The UPV/EHU faculty of engineering offers three courses to familiarize pre-bachelor students with fluid mechanics. In their second year, students learn the basics of fluid mechanics. Then they move on to a course focusing on water and wind turbomachinery installations. In their fourth year, on their path towards the bachelor’s degree, they learn the operation and use of computational fluid dynamics (CFD).
“After completing this course, they can address and solve fluid mechanics problems by numerical methods using computer systems,” says Iñigo Bidaguren, who lectures on energy engineering and fluid mechanics at UPV/EHU. “The applied course provides them with valuable CFD skills that are in high demand in various industries, from automotive and construction to energy.”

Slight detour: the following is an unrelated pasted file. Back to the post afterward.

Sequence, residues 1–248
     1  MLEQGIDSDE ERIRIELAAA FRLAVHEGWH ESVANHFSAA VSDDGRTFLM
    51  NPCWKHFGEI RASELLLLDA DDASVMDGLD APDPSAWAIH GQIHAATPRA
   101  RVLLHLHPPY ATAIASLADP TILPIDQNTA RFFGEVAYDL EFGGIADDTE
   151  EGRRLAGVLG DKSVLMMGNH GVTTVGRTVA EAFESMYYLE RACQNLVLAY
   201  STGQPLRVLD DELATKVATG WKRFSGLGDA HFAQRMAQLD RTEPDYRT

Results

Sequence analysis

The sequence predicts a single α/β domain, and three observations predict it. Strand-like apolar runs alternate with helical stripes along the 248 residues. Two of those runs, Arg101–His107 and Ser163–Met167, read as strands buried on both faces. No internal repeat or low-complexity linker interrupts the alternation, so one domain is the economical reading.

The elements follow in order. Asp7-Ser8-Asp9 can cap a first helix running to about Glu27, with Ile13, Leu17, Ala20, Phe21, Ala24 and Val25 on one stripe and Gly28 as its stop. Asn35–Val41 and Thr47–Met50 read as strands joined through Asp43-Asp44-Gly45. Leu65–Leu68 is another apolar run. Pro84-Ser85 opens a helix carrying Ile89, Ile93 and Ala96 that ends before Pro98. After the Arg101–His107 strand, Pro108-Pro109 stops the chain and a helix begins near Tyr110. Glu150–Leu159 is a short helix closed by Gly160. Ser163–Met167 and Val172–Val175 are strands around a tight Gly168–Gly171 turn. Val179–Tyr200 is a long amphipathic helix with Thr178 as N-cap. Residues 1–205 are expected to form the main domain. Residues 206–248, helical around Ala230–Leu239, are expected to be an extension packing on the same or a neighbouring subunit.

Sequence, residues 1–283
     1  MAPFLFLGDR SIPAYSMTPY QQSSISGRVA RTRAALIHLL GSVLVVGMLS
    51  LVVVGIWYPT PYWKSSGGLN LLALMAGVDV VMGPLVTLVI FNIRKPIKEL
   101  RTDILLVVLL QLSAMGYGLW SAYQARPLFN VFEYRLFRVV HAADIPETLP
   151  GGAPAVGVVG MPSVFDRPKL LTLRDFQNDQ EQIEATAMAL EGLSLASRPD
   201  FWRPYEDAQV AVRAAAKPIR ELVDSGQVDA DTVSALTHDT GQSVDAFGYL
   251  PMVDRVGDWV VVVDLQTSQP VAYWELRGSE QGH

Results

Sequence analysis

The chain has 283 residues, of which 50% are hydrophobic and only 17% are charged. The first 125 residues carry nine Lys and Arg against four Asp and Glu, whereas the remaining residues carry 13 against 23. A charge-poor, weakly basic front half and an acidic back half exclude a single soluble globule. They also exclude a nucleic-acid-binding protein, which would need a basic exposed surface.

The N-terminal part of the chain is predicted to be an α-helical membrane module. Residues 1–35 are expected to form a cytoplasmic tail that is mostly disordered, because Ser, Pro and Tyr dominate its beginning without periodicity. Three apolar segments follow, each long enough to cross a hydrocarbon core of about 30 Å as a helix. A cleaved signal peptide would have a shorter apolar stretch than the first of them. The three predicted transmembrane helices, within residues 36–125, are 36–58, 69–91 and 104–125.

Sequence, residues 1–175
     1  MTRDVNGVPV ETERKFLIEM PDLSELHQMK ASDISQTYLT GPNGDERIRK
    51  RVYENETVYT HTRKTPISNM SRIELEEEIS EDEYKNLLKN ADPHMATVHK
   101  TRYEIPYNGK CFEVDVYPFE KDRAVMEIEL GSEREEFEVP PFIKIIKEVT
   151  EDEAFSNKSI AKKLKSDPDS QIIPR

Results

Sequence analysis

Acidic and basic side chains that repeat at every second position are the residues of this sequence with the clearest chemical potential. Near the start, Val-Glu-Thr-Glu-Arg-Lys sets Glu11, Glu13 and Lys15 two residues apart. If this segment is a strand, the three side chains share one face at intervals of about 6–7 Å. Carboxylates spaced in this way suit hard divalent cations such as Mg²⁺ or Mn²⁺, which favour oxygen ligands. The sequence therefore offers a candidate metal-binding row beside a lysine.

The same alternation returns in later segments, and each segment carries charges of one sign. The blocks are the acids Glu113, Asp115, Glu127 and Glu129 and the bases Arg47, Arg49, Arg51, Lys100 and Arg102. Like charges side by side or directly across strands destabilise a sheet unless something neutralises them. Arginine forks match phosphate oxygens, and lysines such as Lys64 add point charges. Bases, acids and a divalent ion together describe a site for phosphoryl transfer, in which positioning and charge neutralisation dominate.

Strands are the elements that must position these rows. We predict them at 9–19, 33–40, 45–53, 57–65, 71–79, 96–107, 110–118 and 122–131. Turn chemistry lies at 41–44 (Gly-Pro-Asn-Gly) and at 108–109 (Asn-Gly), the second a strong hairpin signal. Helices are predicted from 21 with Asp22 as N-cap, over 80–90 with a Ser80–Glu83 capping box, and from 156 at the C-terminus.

During this course, they apply their theoretical knowledge using Simcenter STAR-CCM+. Although not limited to fluid behavior, using the software helps them focus on CFD to solve and analyze problems that involve fluid flows using numerical analysis and data structures. Students can gain advanced skills using Simcenter STAR-CCM+ by using supplementary tutorials provided by Siemens solution partner, ATS Applied Tech Systems. “Using Simcenter STAR-CCM+ helps us cover all of our simulation requirements,” says Bidaguren. “It includes CAD functionality beyond what is required to import the geometry, we are not using any other software.”